4. Improve the utility of IFM data to implement and enforce demand-side measures
Finally, the best asset to ensure that IFM organizations have a role in implementing future regulations on commodities is to increase the use of IFM data in the implementation of current regulations. Therefore, new forms of capacity building, through ongoing coaching and field visits, are urgently needed to further train IFM organizations in producing data that are more actionable for enforcing demand-side regulations. In the meantime, donors, international NGOs, and IFM organizations should also work more closely with importers and enforcement agencies in consumer countries to integrate IFM data as an official source of information in due diligence processes.
IFM primarily focuses on field visits, while demand-side policies such as the U.S. Lacey Act and the EU and the UK Timber Regulation also require importers to analyze documentation to ensure they buy only legal wood. A stronger focus on official compliance documentation in addition to field work would make IFM data more attractive to importers. IFM organizations should conduct more document-based investigations and produce more observations on the validity of official documents. Document-based investigations not only produce observations that are readily applicable to demand-side risk assessments but also increase IFM efficiency as they assist IFM organizations in better targeting their field missions. In addition, IFM organizations should ensure that their observations are available to an international audience by translating their reports into English and/or uploading the observations collected on the Open Timber Portal, which is available in English, French, Chinese, Japanese, Korean, and Vietnamese.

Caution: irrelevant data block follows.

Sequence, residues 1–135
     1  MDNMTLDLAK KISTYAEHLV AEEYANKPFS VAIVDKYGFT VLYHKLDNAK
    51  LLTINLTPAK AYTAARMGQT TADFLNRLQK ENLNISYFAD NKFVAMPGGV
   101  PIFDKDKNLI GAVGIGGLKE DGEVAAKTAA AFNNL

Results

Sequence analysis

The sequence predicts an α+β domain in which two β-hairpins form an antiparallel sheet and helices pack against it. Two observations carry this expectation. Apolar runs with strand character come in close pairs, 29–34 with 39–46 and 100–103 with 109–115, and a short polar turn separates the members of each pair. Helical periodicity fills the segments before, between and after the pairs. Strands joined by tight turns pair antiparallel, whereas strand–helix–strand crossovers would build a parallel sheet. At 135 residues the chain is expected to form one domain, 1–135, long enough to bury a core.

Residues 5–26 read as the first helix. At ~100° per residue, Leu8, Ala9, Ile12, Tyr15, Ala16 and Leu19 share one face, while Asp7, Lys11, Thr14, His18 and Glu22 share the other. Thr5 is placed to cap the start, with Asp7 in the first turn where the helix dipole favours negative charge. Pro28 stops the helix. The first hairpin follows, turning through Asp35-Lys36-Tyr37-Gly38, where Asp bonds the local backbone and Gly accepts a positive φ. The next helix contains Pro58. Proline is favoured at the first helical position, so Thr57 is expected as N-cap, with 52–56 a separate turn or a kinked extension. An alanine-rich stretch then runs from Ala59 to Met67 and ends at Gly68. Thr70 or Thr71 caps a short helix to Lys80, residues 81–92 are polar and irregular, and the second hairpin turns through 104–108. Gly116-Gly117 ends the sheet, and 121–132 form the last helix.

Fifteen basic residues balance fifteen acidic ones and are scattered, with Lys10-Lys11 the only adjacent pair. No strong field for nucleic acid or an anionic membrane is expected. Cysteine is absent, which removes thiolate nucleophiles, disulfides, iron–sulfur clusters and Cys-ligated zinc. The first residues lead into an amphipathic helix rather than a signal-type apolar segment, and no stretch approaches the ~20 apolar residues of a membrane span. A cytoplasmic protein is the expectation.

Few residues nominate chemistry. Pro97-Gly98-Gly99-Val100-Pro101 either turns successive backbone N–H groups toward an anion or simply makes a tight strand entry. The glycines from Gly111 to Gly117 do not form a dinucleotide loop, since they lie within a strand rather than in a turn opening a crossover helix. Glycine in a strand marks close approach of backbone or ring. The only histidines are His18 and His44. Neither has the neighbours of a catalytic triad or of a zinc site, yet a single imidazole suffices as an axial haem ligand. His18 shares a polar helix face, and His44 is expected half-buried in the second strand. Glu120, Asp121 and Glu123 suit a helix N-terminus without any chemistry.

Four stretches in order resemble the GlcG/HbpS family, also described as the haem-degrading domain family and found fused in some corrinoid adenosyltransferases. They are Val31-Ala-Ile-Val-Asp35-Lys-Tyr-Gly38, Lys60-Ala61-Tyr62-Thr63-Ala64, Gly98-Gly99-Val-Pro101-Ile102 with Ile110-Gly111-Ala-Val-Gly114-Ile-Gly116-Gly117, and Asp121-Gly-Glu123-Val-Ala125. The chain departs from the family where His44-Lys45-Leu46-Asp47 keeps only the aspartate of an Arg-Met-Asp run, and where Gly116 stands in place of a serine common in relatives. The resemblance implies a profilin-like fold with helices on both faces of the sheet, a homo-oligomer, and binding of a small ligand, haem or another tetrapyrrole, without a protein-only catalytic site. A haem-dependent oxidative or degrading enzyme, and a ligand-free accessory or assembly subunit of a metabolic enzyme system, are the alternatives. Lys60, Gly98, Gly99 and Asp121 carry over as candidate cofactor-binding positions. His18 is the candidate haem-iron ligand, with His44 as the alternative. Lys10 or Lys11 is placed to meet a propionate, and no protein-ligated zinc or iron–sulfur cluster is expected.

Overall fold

In the meantime, IFM organizations should develop partnerships with timber trade associations and competent authorities in charge of enforcing demand-side measures. Importers should be trained on where to find IFM data and how to use them in their due diligence systems. In addition, donors could invest in establishing more direct communication among importers and IFM organizations. For instance, IFM organizations could help train importers on how to assess the validity of the compliance documents provided by timber producers for specific countries.
Overall, we think IFM has a major role to play both in further improving forest governance in the Congo Basin and beyond, and in the implementation of upcoming regulations on deforestation-free commodities. We recommend that IFM organizations and donors continue working together, along with other stakeholders, to further improve IFM. Whether IFM focuses on timber or other commodities, takes place in the Congo Basin or in any other region, standardization of IFM data through the adoption of quality standards, development of an IFM community of practice, and establishment of subnational IFM networks are paramount. Developing long-term funding solutions tied to a streamlined monitoring and evaluation approach is necessary for IFM in the Congo Basin today and will be equally important as IFM expands to other regions and commodities. Finally, the best asset to ensure that IFM organizations have a role in implementing future regulations on commodities is to increase the use of IFM data in implementing current regulations. Therefore, new forms of capacity building, through ongoing coaching and field visits, are urgently needed to further train IFM organizations in producing data that are more actionable for enforcing demand-side regulations. In the meantime, donors, international NGOs, and IFM organizations should also work more closely with importers and enforcement agencies in consumer countries to officially integrate IFM data as an official source of information in due diligence processes.
Photo source: FLAG